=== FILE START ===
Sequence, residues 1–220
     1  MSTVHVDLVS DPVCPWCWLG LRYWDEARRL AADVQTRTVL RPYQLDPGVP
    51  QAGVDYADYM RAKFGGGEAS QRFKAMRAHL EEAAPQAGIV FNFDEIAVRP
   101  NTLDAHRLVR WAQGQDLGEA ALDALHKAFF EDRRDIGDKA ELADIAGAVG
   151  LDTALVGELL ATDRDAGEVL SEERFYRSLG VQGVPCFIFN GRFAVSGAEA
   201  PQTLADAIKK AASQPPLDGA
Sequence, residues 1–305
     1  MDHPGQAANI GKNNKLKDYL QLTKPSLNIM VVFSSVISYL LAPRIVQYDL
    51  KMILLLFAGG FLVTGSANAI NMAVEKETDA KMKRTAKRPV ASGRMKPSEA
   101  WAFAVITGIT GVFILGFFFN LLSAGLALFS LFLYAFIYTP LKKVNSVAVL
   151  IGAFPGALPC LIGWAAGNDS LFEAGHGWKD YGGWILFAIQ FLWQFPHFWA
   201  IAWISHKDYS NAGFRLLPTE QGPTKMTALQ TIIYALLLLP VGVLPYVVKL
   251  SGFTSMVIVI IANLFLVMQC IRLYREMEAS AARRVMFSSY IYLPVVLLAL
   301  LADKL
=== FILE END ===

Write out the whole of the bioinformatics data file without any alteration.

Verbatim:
Sequence, residues 1–220
     1  MSTVHVDLVS DPVCPWCWLG LRYWDEARRL AADVQTRTVL RPYQLDPGVP
    51  QAGVDYADYM RAKFGGGEAS QRFKAMRAHL EEAAPQAGIV FNFDEIAVRP
   101  NTLDAHRLVR WAQGQDLGEA ALDALHKAFF EDRRDIGDKA ELADIAGAVG
   151  LDTALVGELL ATDRDAGEVL SEERFYRSLG VQGVPCFIFN GRFAVSGAEA
   201  PQTLADAIKK AASQPPLDGA
Sequence, residues 1–305
     1  MDHPGQAANI GKNNKLKDYL QLTKPSLNIM VVFSSVISYL LAPRIVQYDL
    51  KMILLLFAGG FLVTGSANAI NMAVEKETDA KMKRTAKRPV ASGRMKPSEA
   101  WAFAVITGIT GVFILGFFFN LLSAGLALFS LFLYAFIYTP LKKVNSVAVL
   151  IGAFPGALPC LIGWAAGNDS LFEAGHGWKD YGGWILFAIQ FLWQFPHFWA
   201  IAWISHKDYS NAGFRLLPTE QGPTKMTALQ TIIYALLLLP VGVLPYVVKL
   251  SGFTSMVIVI IANLFLVMQC IRLYREMEAS AARRVMFSSY IYLPVVLLAL
   301  LADKL